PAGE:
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A dispatch from Kinderhook, dated July 19th, says ex-President Martin Van-Buren was then in sensible and dying.
He was in the 81st year of his age. A letter to the New York Tribune says:
Previous to the wandering of his mind, and once or twice since, when reason returned, Mr. Van Buren has evinced the most lively and patriotic interest in the affairs of the country.
No longer since than Tuesday, when the day before he was hardly expected to survive, he inquired of Dr. Pruyn how the good work of crushing the rebellion was going on, and was very particular to learn if the public confidence in the President and Gen. McClellan was yet firm and unshaken, as he thought it should be.--He appeared much gratified when answered in the affirmative.
He has continually denounced the course of Buchanan's administration from the first, but has expressed the utmost confidence in that of Mr. Lincoln.
The war, he thinks, is justly and as vigorously as possible carried on — t
nessee. Nashville, July 16
--Lebanon, Tenn., is in possession of the rebels.
The rebels, 800 strong, are at Hartsville.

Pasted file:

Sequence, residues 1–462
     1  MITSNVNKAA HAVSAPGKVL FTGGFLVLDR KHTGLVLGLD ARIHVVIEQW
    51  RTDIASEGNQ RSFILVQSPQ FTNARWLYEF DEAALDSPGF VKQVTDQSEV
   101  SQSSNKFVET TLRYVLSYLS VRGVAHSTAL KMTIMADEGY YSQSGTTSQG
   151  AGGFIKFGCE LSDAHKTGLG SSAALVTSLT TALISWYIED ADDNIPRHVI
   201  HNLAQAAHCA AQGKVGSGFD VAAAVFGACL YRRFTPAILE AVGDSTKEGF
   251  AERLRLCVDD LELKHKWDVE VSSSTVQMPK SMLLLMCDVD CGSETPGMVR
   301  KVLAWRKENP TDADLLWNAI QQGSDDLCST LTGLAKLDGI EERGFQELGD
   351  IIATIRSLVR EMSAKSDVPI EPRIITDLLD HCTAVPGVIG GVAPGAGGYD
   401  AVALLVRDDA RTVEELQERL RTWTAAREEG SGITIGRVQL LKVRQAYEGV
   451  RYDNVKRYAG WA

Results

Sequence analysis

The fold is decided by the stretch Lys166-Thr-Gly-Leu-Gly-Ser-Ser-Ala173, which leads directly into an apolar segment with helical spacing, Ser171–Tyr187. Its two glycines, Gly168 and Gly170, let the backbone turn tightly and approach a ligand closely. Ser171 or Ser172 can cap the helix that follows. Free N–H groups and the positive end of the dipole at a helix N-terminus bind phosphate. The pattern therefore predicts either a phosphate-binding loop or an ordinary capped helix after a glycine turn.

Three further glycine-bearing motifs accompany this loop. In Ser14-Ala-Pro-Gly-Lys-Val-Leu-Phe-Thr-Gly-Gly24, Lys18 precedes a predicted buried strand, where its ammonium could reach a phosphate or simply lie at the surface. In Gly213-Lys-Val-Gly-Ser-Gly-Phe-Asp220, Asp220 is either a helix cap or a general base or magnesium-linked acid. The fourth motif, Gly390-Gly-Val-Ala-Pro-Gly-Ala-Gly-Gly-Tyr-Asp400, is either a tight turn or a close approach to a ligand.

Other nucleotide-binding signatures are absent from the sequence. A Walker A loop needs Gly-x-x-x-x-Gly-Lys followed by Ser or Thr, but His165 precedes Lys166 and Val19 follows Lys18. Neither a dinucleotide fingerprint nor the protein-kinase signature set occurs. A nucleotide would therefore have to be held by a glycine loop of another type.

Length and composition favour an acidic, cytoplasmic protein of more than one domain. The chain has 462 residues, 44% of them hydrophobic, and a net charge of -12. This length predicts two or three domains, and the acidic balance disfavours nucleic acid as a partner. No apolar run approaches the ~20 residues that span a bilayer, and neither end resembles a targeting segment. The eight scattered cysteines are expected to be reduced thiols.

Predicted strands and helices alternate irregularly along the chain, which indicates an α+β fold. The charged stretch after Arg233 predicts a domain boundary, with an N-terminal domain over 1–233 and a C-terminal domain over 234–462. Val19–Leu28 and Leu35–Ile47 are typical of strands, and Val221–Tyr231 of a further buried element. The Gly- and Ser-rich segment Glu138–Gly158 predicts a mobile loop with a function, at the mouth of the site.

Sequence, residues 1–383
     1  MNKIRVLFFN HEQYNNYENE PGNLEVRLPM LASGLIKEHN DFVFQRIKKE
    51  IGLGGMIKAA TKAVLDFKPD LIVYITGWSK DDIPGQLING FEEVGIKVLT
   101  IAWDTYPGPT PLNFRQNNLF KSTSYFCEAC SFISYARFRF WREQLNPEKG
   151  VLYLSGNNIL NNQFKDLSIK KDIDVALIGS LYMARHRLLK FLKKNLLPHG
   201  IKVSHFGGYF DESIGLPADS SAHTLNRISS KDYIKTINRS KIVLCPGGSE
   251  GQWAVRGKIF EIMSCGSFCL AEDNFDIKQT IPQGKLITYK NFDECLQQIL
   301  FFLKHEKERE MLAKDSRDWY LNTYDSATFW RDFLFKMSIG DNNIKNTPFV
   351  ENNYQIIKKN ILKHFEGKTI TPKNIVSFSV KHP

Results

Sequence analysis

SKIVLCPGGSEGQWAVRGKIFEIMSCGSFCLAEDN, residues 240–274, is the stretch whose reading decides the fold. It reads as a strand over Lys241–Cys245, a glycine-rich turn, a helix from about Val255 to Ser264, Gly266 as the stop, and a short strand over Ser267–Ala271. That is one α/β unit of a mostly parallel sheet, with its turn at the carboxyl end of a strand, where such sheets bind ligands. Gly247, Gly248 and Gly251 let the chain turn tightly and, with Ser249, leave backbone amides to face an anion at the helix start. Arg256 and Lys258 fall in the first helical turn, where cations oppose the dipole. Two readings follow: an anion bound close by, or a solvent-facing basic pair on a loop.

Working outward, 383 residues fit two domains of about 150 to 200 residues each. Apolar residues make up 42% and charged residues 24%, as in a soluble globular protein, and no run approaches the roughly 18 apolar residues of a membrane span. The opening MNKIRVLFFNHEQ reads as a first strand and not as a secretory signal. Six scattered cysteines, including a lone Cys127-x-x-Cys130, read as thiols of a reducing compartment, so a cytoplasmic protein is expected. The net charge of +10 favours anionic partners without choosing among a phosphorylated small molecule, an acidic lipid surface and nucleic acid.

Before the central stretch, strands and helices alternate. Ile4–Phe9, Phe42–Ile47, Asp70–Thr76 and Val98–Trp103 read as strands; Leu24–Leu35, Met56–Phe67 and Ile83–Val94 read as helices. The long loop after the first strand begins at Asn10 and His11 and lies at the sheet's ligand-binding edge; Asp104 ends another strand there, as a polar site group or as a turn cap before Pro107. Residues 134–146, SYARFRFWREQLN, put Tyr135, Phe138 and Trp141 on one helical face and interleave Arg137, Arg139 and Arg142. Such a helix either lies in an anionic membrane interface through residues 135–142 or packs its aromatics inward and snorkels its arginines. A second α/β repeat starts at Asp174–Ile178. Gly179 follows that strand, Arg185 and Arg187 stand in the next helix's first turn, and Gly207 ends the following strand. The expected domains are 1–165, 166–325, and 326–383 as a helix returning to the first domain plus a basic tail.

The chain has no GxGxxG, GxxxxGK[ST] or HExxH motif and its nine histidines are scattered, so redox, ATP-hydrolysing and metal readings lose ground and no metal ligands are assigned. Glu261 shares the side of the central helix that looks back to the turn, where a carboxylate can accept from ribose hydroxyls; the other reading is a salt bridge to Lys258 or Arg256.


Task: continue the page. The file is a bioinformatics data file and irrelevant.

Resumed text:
Dr. Rice, Benjamin Daniels, and John Barnes, respectable citizens, were hung last night at Tennessee Ridge, twenty-five miles from Nashville, for entertaining men employed in reconstructing telegraph lines.
Nashville,July 18--One thousand and forty-six paroled prisoners at Murfreesboro' have arrived.
They are mostly of the Michigan Ninth, and some of Hewitt's Battery.
There are no commissioned officers.
The trains run through to Murfreesboro'.
Running the blockade. United States Gunboat Chippewa, Captain Bryson, New Inlet, (Off Wil., N. C.,) July 2, 1862.
An English steamer, loaded with heavy guns, &c., arrived here last Friday morning; was partially headed off by the Cambridge and Stars and Stripes, (the only two vessels then here — the Chippewa being at Beaufort for coal and repairs, and the State of Georgia at Fortress Mon